Ten Steps to Pump Reliability – Part 1

By Tom Dabbs and Dan Pereira

Pump reliability is an old topic, but it is just as relevant today as it was the first time we heard it a few decades ago. There are some very good reasons to focus on improving pump reliability:

  • The average annual maintenance and operations spending on centrifugal pumps is 50 percent greater than for any other type of rotating machine (FiveTwelve Group, August 2006).
  • Centrifugal pumps in many plants consume more than 50 percent of total plant motor energy (Hydraulic Institute).
  • Pumps consume more energy than any other class of industrial equipment (U.S. Department of Energy, 2005).
  • A Finnish Research Center study of centrifugal pump performance (“Expert Systems for Diagnosis and Performance of Centrifugal Pumps,” 1996) found that the average pumping efficiency was less than 40 percent for 1,690 pumps reviewed across 20 different plants, including all market segments. The study also revealed that 10 percent of the pumps were less than 10 percent efficient.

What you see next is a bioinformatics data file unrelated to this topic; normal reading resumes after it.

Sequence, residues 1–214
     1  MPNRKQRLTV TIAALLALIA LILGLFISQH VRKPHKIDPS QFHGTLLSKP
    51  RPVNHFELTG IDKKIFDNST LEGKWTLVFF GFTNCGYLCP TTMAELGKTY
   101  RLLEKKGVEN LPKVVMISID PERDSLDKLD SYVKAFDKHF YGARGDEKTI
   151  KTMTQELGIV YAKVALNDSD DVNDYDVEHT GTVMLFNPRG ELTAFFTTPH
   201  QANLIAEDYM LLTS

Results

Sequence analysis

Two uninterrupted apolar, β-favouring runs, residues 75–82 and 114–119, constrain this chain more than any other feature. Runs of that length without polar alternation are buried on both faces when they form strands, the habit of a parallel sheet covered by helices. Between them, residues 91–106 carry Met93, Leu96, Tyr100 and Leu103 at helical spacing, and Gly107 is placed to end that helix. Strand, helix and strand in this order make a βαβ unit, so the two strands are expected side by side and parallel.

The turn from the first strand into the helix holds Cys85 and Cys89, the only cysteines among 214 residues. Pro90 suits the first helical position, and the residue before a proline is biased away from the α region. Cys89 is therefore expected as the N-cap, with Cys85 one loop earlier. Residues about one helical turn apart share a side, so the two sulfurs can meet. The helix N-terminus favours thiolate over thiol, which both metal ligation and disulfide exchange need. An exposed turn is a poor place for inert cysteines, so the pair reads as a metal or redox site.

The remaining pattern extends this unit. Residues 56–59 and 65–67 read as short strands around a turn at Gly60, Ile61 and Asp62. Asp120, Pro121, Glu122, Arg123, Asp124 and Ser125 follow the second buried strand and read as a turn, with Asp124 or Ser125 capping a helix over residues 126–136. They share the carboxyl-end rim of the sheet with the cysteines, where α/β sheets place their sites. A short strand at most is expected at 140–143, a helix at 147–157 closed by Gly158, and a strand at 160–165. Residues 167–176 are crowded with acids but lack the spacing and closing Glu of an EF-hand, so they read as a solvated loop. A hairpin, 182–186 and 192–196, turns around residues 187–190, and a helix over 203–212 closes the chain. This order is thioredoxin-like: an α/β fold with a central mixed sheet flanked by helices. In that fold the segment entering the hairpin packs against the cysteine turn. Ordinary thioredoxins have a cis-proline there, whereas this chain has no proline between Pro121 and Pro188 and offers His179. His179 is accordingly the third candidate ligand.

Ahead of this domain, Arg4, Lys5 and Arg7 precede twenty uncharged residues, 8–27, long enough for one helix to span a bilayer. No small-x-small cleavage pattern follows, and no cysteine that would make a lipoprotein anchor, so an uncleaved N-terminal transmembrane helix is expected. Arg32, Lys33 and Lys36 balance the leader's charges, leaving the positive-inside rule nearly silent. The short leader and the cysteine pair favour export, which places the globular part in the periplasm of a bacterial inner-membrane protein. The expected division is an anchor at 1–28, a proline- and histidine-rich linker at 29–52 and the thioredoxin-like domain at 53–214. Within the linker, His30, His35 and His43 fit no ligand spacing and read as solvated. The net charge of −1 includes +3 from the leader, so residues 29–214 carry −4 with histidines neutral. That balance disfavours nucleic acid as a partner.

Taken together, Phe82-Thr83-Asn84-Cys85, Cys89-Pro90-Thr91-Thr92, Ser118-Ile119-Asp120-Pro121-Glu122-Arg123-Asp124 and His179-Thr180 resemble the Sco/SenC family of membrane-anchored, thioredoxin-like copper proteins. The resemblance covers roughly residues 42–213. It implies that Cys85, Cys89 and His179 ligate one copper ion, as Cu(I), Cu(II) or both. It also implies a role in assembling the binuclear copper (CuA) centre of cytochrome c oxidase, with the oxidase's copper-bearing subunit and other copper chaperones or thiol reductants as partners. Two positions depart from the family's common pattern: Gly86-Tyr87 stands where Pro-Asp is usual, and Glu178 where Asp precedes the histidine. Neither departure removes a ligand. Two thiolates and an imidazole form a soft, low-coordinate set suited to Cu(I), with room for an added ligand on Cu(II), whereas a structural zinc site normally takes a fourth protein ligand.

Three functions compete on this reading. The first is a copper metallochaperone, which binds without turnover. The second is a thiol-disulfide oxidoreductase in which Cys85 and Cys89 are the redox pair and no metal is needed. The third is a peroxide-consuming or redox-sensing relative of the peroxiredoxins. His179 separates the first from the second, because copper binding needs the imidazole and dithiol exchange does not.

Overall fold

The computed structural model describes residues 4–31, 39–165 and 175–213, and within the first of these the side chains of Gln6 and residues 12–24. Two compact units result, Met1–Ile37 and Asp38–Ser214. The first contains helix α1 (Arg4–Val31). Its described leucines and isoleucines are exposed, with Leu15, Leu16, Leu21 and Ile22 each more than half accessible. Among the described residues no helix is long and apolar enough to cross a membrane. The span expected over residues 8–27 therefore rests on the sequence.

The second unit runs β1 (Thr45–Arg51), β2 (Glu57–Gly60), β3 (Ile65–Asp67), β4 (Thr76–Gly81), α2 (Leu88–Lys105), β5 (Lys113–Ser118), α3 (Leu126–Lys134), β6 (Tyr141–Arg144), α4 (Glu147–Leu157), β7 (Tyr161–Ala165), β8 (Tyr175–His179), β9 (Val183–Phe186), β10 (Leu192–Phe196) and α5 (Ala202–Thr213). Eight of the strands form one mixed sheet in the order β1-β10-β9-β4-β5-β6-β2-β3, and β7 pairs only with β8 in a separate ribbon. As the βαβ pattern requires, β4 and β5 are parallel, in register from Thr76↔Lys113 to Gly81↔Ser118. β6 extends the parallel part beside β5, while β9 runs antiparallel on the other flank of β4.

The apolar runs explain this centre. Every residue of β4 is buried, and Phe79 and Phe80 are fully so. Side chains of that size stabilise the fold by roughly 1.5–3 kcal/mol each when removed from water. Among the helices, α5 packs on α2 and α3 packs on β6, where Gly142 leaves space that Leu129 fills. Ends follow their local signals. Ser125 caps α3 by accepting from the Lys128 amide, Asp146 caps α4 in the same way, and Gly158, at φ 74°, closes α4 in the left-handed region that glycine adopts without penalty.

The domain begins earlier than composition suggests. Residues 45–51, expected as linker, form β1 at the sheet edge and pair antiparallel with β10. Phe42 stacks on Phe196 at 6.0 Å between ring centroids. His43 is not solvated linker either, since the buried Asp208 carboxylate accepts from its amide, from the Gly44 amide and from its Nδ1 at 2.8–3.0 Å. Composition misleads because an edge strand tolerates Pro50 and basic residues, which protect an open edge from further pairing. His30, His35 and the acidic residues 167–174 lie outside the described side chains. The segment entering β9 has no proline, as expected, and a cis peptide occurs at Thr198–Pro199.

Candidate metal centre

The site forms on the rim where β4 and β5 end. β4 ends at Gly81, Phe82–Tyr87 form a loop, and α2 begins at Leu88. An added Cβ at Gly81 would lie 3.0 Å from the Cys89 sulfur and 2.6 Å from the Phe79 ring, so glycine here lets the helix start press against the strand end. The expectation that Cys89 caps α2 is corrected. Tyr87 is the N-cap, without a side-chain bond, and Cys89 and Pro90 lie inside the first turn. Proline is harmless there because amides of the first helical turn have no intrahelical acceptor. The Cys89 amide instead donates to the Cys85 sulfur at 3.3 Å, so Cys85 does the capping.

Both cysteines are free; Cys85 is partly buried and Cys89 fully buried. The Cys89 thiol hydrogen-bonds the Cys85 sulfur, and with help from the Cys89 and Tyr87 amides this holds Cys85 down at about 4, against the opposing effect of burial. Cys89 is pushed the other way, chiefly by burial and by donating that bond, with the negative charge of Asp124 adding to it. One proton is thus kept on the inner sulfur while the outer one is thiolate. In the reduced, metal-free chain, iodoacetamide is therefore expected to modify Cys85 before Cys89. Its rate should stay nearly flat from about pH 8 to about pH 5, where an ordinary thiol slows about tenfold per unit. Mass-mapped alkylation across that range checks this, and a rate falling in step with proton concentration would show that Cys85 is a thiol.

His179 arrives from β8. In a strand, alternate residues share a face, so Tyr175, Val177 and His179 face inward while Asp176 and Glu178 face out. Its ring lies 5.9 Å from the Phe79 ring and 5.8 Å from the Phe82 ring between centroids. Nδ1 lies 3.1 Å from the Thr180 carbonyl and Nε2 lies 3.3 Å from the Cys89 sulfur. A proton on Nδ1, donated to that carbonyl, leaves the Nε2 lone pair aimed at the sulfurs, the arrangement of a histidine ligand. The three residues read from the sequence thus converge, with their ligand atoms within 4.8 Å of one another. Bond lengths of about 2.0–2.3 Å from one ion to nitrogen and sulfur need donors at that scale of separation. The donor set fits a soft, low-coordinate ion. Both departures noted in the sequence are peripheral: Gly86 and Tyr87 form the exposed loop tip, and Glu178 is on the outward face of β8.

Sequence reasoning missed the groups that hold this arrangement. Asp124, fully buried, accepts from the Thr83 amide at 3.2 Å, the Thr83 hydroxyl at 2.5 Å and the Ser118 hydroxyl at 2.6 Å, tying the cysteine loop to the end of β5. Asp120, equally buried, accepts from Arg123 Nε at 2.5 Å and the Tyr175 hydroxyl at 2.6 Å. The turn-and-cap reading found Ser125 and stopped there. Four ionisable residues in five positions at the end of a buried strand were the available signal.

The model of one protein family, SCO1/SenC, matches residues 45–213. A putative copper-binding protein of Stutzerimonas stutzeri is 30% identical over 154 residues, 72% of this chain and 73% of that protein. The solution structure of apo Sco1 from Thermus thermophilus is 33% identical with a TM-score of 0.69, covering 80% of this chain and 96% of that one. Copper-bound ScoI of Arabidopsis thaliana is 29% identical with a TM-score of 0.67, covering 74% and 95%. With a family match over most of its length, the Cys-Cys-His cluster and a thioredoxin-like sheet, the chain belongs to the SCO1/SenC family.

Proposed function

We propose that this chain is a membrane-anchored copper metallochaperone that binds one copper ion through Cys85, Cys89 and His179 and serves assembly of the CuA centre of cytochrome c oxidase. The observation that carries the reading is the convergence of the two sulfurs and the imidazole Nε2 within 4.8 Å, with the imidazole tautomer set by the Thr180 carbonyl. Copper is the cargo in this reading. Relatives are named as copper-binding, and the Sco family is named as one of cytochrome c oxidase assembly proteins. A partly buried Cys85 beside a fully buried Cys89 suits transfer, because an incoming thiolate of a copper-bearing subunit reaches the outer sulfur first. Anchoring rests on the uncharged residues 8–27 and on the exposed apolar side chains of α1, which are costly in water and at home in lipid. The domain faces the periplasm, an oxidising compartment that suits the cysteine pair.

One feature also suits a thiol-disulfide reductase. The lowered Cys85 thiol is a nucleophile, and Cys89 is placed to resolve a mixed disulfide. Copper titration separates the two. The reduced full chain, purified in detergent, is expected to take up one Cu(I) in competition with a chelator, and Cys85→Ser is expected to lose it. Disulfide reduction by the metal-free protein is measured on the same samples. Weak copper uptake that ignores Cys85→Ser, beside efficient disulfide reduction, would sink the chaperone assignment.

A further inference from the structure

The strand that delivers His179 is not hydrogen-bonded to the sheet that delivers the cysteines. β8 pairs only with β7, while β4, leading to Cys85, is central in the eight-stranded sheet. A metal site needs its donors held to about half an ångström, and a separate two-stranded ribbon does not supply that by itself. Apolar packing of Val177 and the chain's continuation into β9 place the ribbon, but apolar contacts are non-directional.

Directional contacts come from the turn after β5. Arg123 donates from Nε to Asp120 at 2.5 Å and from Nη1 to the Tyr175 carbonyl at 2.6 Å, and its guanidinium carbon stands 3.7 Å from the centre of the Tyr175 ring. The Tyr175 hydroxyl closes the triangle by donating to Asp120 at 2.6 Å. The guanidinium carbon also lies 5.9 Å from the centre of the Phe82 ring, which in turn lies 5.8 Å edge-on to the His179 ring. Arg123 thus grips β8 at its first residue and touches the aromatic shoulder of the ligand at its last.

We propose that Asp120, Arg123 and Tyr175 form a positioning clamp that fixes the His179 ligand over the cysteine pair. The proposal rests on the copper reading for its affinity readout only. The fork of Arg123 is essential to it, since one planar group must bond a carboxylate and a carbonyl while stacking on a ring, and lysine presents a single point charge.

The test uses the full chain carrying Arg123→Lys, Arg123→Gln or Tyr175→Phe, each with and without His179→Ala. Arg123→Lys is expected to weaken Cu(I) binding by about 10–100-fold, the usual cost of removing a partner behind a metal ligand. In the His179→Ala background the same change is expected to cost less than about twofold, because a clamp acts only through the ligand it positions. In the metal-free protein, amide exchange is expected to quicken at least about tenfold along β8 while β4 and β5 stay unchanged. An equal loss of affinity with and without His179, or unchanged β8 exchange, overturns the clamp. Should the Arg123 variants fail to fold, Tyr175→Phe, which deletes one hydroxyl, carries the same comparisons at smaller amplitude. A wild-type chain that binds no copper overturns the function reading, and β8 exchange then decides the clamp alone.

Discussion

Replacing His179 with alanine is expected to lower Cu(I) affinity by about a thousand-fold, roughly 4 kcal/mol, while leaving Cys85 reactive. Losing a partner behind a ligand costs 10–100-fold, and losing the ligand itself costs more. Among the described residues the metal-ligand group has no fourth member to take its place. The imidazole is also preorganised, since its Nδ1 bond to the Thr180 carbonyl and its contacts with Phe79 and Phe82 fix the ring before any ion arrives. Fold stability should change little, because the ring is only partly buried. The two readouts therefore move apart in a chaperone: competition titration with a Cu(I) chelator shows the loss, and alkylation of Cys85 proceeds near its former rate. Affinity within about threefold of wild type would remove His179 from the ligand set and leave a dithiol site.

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Failure Teaches Success

By R. Keith Mobley, Principal SME, Life Cycle Engineering
As appeared in th
e July 2014 Edition of Reflections on Excellence

I absolutely hate to fail, but must admit that failure is an unescapable part of life. Thankfully most of my failures over the years have been relatively minor. Nonetheless, they have been a true source of irritation and frustration that in many ways outweigh the successes. Fortunately my early mentors taught me to use failure, no matter how serious or minor, as a learning tool and a platform to build upon. That lesson, combined with Mobley’s 10th Law, “Making the same mistake twice is unforgivable”, has played a major role in my successful journey over the past five decades. With each failure, my knowledge and expertise increased, enabling faster and surer growth. Continue reading

Maintenance Tip – Oil Sampling

By Terry Taylor, IDCON INC

The most important point about oil samples and oil analysis in general is you are looking for any “change” that is taking place.